Search for Excellence in Young, Beginning, or Small Farmers/Ranchers

Katie L Wantoch
Associate Professor, Agriculture Agent
UW-Madison Division of Extension
Dunn County

Wantoch, K.L.*1,
1 Associate Professor, Agriculture Agent, UW-Madison Division of Extension, Menomonie, WI, 54751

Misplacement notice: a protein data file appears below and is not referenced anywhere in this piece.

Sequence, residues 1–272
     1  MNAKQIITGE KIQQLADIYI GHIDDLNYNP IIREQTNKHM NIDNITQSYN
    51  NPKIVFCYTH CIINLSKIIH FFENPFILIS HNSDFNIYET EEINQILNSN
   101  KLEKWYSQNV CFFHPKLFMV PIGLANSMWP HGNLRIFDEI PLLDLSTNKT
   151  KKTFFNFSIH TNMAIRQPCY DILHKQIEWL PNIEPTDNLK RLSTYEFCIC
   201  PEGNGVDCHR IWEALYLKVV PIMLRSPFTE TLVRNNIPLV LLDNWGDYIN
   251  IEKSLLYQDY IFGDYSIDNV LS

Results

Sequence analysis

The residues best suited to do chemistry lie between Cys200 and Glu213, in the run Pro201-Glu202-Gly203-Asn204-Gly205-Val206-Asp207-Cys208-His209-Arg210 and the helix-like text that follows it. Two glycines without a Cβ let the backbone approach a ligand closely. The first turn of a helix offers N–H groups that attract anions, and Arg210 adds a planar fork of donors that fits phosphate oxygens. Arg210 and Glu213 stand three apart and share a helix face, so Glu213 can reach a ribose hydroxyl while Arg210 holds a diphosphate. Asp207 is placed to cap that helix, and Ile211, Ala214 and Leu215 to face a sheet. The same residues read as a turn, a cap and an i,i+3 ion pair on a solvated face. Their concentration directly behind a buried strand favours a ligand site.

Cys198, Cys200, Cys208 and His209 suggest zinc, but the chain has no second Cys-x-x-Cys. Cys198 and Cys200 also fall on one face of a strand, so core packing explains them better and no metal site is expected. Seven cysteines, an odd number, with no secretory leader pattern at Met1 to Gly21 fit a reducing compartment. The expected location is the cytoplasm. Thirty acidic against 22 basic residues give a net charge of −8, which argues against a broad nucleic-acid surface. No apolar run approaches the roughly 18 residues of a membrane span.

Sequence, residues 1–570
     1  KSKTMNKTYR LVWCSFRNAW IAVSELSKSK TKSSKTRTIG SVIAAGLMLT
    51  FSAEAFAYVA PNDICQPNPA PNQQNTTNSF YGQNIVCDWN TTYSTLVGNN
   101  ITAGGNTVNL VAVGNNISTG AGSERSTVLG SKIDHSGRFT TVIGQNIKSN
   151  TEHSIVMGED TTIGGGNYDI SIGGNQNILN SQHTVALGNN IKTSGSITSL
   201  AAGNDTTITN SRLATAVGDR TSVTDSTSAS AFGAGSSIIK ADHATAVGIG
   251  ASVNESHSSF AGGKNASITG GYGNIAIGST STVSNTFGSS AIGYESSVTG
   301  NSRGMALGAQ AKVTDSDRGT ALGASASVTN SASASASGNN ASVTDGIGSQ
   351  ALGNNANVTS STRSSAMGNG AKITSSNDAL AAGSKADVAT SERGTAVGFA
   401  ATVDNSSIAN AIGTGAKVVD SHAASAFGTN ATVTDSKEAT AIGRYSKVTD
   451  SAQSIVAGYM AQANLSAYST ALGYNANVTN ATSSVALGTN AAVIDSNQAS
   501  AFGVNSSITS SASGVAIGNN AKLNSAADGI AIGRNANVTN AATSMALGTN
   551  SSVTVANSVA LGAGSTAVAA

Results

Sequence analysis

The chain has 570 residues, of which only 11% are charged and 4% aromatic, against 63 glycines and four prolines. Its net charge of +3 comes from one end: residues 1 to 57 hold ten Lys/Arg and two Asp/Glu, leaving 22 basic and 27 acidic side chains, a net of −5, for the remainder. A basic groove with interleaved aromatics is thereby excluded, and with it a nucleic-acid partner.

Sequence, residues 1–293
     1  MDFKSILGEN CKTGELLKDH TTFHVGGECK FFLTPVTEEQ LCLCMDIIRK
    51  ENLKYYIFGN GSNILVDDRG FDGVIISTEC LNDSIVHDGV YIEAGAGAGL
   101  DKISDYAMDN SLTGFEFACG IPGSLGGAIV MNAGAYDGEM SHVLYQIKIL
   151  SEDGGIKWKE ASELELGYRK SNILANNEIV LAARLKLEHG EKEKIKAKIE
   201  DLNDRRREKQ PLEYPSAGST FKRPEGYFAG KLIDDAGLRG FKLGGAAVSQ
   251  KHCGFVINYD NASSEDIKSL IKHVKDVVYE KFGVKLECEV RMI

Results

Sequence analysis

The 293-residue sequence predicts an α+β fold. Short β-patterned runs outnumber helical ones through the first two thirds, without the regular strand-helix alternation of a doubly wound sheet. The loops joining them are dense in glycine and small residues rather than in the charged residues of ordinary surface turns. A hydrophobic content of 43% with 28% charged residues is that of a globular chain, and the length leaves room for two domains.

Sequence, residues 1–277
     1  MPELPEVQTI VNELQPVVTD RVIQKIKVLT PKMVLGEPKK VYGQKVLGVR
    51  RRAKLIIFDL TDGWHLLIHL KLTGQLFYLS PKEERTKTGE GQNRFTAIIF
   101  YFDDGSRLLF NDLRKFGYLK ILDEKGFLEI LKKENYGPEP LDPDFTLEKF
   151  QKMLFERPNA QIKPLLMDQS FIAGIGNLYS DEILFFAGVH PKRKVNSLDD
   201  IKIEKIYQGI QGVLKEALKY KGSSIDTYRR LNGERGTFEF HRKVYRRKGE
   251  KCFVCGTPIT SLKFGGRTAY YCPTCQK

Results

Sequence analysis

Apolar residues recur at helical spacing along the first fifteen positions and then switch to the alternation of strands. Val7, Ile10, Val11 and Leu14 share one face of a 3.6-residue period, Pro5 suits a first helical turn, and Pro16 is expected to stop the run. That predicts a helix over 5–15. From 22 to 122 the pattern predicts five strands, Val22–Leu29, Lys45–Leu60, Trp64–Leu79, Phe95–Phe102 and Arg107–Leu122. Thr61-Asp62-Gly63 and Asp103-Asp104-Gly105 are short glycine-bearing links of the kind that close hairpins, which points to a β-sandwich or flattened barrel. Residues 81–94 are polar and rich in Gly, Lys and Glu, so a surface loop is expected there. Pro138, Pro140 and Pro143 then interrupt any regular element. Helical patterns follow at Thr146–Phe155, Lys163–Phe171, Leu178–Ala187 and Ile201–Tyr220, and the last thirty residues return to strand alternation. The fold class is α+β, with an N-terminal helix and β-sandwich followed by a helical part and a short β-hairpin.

U.S. agricultural census data indicates West Central Wisconsin (10 counties) has 3,741 farms with a female identified as a principal operator.  Research has indicated that farms operated by women are on average smaller in acres and sales when compared to farms operated by males.  These farms are more likely to have limited resources and different risk management needs compared to established farmers and commodity producers. Program objectives for women in agriculture educational programming included: Increased awareness of financial management resources and best practices and communication strategies for negotiation, conflict, farm and family stress. Increased skill/capacity building of farm financial management concepts, tools, methods and processes, and building of communication and managing conflict, farm and family stress. To expand access and provide greater opportunity to this growing population, Annie’s Project for Beginning and Women Farmers program was held over six weeks during 2019 with twelve participants. The Annie’s Project program included 24 hours of in-person instruction with interactive sessions and small group discussions. During May 2020, Extension educators and I virtually provided facilitation to the Heart of the Farm Women in Agriculture Coffee Chats program, providing connectedness and coaching with four interactive one-hour sessions to assist 39 participants in addressing questions and fears farm women may have been experiencing due to COVID-19 while mitigating social isolation through connecting with other participants. Pre/post session Annie’s Project evaluations indicated woman-to-woman learning, hands-on activities, confidence-building, and access to resources helped participants to solidify the concepts learned as they take actions to develop and incorporate the various risk management strategies and tools into their own farm business. A follow up survey illustrated all respondents have made decision, changes, and taken action steps based on the materials, resources, and tools that were provided. When asked the most important aspect of the program that they learned, respondents listed managing stress (100%), communication styles (100%), and financial statements (67%). These topics addressed the concerns expressed in the pre-program survey and were also the highest rated, in terms of quality and usefulness, during the program.  An Annie’s Project respondent noted, “Great job! Keep offering great programs like this one!